YP, LLC et al.
C. J., MILLER, P. J., and REESE, J.
Miller, Presiding Judge.
YP, LLC and YP Advertising & Publishing, LLC
(collectively "YP") filed suit against Peter
Ristich, d/b/a Top Seal Coating
("Ristich") in this contract dispute arising from
advertisements Ristich placed in the Yellow Pages
directories. Ristich did not answer the complaint or respond
to discovery requests. Nevertheless, the trial court sua
sponte dismissed the complaint without prejudice for lack of
personal jurisdiction under the Georgia Long Arm Statute,
OCGA § 9-10-91, and for insufficient service of process.
YP now appeals. Ristich has not appeared in this appeal.
After a thorough review of the record, we conclude that the
trial court erred in dismissing the complaint for lack of
personal jurisdiction under the Long Arm Statute.
Accordingly, we reverse the trial court's order of
dismissal and remand for further proceedings consistent with
review a trial court's sua sponte order of dismissal de
novo." Haygood v. Head, 305 Ga.App. 375, 377
(1) (699 S.E.2d 588) (2010).
first argues that the trial court erred in dismissing the
complaint sua sponte for lack of personal jurisdiction. We
of the person is the power of a court to render a personal
judgment, or to subject the parties in a particular case to
the decisions and rulings made by it in such case[.]"
(Citations and punctuation omitted.) Williams v.
Fuller, 244 Ga. 846, 849 (3) (262 S.E.2d 135) (1979).
"[A] court has a duty to inquire into its jurisdiction,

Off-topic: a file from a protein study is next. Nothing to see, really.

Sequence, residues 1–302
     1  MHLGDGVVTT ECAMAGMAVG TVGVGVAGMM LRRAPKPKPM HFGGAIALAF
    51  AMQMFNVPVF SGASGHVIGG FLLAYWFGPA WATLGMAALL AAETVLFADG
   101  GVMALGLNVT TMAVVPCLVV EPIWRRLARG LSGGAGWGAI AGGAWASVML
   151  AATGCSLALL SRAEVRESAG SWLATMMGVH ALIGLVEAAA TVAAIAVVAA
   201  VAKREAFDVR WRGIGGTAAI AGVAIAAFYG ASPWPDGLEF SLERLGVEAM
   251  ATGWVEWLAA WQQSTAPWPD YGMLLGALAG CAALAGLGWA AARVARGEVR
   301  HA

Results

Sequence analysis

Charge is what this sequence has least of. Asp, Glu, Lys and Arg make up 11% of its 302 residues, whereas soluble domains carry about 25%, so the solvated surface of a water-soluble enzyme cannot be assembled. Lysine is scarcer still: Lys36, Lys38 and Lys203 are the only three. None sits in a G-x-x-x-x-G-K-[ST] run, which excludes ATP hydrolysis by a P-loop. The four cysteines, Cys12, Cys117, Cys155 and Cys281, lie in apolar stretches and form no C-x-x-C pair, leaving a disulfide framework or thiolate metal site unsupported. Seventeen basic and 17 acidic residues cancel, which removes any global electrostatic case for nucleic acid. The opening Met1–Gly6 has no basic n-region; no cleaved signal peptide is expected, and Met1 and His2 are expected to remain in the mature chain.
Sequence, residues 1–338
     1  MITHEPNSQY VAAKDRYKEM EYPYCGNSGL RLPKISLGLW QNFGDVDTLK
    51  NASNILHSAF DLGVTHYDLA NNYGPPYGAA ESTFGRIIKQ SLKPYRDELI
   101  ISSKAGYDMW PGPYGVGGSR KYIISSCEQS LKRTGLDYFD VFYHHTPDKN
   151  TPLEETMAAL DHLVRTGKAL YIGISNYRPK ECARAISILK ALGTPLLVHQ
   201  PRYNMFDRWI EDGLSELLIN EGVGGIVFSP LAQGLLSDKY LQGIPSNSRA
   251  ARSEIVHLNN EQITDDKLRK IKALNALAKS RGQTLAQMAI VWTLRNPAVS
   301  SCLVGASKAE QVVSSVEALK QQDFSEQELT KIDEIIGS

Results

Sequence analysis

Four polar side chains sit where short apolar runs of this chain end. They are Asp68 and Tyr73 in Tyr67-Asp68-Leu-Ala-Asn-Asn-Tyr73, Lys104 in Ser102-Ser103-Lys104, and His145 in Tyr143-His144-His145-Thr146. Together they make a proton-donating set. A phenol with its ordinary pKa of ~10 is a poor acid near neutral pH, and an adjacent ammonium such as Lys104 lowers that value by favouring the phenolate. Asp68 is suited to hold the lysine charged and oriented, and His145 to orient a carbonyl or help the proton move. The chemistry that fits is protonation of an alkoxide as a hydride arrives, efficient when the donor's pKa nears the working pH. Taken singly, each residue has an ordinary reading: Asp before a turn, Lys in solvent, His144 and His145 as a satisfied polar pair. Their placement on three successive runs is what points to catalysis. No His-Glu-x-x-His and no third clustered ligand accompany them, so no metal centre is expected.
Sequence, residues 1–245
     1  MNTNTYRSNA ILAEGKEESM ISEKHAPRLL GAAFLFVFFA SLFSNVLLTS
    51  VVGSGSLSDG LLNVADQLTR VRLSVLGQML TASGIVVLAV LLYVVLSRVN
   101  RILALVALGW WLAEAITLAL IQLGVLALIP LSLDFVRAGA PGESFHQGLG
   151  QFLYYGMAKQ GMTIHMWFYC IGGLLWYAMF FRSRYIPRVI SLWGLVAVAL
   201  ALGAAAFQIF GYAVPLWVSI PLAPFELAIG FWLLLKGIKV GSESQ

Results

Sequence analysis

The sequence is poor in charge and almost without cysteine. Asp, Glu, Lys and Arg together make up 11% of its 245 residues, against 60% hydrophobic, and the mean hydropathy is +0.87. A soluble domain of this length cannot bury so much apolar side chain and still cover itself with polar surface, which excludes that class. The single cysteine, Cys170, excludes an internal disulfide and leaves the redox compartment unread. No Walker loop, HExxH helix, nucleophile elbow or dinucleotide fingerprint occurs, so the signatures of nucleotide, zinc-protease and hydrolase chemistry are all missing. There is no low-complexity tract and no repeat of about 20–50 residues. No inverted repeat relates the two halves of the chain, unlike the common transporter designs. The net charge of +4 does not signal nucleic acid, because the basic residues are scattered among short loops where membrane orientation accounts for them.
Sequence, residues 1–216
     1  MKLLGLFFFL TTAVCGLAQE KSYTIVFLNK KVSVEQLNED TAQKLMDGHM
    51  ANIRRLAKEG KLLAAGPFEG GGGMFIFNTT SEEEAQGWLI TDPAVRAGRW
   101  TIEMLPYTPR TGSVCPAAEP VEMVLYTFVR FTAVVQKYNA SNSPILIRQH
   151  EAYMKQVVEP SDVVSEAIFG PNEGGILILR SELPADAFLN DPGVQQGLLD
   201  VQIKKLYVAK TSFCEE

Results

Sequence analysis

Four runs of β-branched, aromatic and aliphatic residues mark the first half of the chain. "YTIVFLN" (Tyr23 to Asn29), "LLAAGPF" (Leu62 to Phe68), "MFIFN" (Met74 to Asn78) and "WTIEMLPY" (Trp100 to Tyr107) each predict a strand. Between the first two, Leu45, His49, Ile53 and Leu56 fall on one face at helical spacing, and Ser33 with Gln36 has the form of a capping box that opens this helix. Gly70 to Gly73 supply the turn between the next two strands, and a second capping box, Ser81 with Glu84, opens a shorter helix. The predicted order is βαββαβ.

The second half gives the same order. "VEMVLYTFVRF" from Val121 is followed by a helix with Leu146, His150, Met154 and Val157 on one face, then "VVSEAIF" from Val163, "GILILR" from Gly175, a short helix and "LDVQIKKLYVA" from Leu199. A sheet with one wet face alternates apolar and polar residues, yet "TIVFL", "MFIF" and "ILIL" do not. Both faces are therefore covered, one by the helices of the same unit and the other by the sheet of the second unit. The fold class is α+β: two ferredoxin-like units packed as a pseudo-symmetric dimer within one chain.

upon its own motion where there is doubt, and is authorized
to dismiss a case against a defendant where personal
jurisdiction is lacking." B&D Fabricators v. D.
H. Blair Investment Banking Corp., 220 Ga.App. 373,
375-376 (2) (469 S.E.2d 683) (1996)
well-settled, however, that parties may waive challenges to
personal jurisdiction by contract. OCGA § 9-11-12 (h)
(1); C & S Capital Corp. v. Sweetwater Homes,
Inc., 191 Ga.App. 571 (382 S.E.2d 399) (1989) (trial
court erred in sua sponte dismissing breach-of-contract
complaint for lack of personal jurisdiction where parties
agreed in the very contract at issue to submit to
jurisdiction of the court). Such provisions in contracts are
valid and enforceable unless "shown by the resisting
party to be unreasonable under the circumstances."
(Emphasis supplied.) Lease Finance Group v. Delphi,
Inc., 266 Ga.App. 173, 174 (596 S.E.2d 691) (2004); see
also Houseboat Store v. Chris-Craft Corp., 302
Ga.App. 795, 797-798 (1) (b) (692 S.E.2d 61) (2010)
(enforcing forum selection clause in contract where opposing
party had not shown enforcement would be unreasonable).
trial court here concluded that YP had not established the
court's personal jurisdiction over Ristich under the
Georgia Long Arm Statute. Personal jurisdiction in this case,
however, is not based on the Long Arm Statute, but rather is
premised on Ristich's waiver of personal jurisdiction in
his contract with YP. In particular, in the forum selection
clause in the contract, Ristich specifically consented to
personal jurisdiction in the Superior Court of DeKalb County
or the U.S. District Court for the Northern District of
Georgia for any disputes arising out of his contract with YP.